The crowded neighborhoods of the West Bronx come alive at night. Residents, young and old, cluster around door stoops. Teenagers fill playground basketball courts. Police officers from the nearby 44th and 46th Precincts patrol the streets, from time to time stopping and frisking young men, mostly black and Latino. And when they do, statistics show, they use physical force far more often than the police do anywhere else in the city.
Senator Gianaris' proposals said among his measures is "One that would restrict gun purchases to one per month because right now the big problem with people is that they will bulk purchase guns and turn them around and sell them illegally," he said, adding, "Sales on the secondary market don't require background checks." Other measures call for dealers to report all firearm and ammunition sales within 24 hours to the State Division of Criminal Justice, where records would be kept on file for at least a decade. Another bill would mandate a 10-day waiting period for all gun purchases. Senator Gianaris is also calling for limiting sales of ammo to permitted dealers, and he wants all gun buyers to be required to take a safety course.
Queens voters and lawmakers are scratching their heads over a series of poll site changes for the Sept. 13 primary.
Voters say they have received multiple mailers from the city Board of Elections directing them to different polling sites.
In some cases, the new sites are far from their homes — presenting a challenge to elderly and disabled voters.
“I received a notice telling me to go to my regular polling place and then a week later another notice telling me to go to a school 10 blocks away,” said state Sen. Jose Peralta, whose office has been flooded with calls from voters. “I can walk but some seniors can’t travel that far. It’s an issue.”
Queens has a big appetite for world-class soccer - and ticket demand for Wednesday's Chile-Ecuador friendly at Citi Field is proof - but can the borough support a Major League Soccer franchise and a $300-million stadium? MLS executives and elected officials who are pushing for construction of the facility in Flushing Meadows Corona Park say yes -- but they acknowledge the deal is far from done, and it might be years before a MLS team plays its first home game in north-central Queens.
I introduced a bill last year, which Governor Andrew Cuomo signed into law, prohibiting the distribution of obscene, business-card-sized ads for prostitutes. These so-called “chica” cards, which have been handed out along Roosevelt Avenue and adjacent streets for many years, feature promises of “free delivery.”
After a press conference at which I unveiled my chica cards bill, the problem drew attention. The cards were the subject of some jokes.
And it turned out that one of the cards we enlarged and displayed at the press conference pictured an international supermodel.
The harsh reality, however, is that there is absolutely nothing funny, or glamorous, about prostitution.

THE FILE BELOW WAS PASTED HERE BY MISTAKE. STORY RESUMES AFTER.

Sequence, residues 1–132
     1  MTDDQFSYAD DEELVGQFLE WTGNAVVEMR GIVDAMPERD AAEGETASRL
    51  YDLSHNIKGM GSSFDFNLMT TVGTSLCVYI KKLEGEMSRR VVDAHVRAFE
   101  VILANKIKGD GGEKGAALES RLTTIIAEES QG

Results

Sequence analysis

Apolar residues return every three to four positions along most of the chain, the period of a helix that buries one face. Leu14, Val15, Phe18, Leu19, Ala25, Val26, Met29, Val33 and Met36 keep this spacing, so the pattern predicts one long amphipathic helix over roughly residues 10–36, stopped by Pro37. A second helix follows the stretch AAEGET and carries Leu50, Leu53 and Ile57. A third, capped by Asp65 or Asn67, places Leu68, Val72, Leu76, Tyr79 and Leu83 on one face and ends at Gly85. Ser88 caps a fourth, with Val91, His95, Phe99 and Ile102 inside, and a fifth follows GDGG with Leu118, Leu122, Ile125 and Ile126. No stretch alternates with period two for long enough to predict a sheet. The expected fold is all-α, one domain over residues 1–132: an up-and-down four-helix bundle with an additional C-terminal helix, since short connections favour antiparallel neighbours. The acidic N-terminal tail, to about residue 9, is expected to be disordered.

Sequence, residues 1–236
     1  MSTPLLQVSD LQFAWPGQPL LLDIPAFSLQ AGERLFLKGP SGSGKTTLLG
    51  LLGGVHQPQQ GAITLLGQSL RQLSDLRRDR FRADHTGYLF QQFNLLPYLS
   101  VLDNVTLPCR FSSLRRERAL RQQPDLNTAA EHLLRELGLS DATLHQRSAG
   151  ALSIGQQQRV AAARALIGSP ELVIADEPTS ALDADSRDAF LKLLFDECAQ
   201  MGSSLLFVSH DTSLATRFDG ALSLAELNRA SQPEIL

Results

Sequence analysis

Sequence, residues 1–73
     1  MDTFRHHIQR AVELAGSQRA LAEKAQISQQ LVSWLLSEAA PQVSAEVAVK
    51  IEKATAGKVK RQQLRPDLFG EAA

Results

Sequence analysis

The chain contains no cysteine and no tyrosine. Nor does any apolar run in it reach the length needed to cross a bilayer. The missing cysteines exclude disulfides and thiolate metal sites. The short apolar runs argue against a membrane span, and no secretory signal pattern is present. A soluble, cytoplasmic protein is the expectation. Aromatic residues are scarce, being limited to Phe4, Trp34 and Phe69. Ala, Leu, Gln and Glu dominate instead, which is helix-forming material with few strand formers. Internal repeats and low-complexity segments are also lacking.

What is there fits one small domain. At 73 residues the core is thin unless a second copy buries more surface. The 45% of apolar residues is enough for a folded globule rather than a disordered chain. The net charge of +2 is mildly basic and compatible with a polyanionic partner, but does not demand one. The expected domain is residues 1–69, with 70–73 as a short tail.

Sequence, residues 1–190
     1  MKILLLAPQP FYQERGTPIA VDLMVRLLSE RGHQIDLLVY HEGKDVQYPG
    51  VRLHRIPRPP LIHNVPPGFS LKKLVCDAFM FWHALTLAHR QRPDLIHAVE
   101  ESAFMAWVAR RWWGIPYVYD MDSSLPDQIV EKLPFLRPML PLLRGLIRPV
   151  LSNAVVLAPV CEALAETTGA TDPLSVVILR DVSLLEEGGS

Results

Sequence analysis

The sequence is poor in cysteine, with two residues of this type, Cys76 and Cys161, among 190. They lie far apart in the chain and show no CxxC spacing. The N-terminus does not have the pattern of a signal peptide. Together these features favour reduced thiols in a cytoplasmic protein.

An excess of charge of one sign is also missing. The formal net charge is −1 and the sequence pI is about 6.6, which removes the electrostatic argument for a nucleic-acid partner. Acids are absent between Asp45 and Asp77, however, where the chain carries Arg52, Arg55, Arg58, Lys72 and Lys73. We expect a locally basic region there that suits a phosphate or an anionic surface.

A proposed soccer stadium in Flushing Meadows Park and a possible gambling casino in nearby Willets Point came to the fore this week, although neither proposal is likely to happen anytime soon.
The plan to put a soccer stadium in the borough’s largest and busiest park was floated in June when Major League Soccer officials met with elected officials. The New York Post reported on Monday that MLS is nearing a deal with state and city officials to build a nine-acre $300 million, 25,000-seat facility and nine public soccer fields.
Talks of a potential soccer stadium in Flushing Meadows-Corona Park are closing toward a final deal, the New York Post reported, although several state and city officials would not confirm plans were nearing completion.
The final plan, a state official told The Post, would be a $300 million stadium that holds 25,000 fans. It would be completely funded by Major League Soccer (MLS) and could break ground early next year. The city would give up nine acres of the massive park for the stadium, which would be returned by the state for development elsewhere, it was reported.
MLS, however, would still have to meet with transit, city and state officials, it was reported.
Nueva York - El senador José Peralta, defensores de los consumidores y víctimas de los recaudadores de deudas pidieron ayer a los legisladores estatales aprueben la propuesta de ley "S-677A Consumer Credit Fairness Act".
“They feel that they know better than police chiefs and district attorneys. That’s ridiculous. The money speaks for itself. You follow the trail of money and you realize they’re being bought by the NRA,” said state Sen. Jose Peralta, D-Queens.
In 1944, Captain George M. Vujnovich served with the United States Office of Strategic Services, the predecessor of the CIA. While attempting to destroy Nazi Germany’s most important oil pipeline in occupied Eastern Europe, 512 airmen were downed, trapped, and
in dire straits. As a result, Captain Vujnovich was called upon to plan and execute the largest air rescue in history for American soldiers behind enemy lines. Under his leadership, a secret airstrip was created inside a corn field to allow cargo planes to land and rescue the Americans. The entire rescue operation—known as Operation Halyard—took place without a single casualty.
Alice “Pat” Thorpe’s community vocation started while she was working in the health field in 1956. Throughout her career, she has also worked for two unions: Local 144 AFL-CIO and 1199-SEIU and eventually went on to Cornell University where she studied to become a business agent for the unions.
In 1995, Ms. Thorpe received the prestigious award from the president of the AFL-CIO in New York City for her outstanding work and dedication as a delegate for the hospital.
“They are very organized,” microstamping Senate bill sponsor Jose Peralta (D-Queens) said of the NRA. “Their concern is if microstamping becomes law in New York, it will become a domino effect nationally.”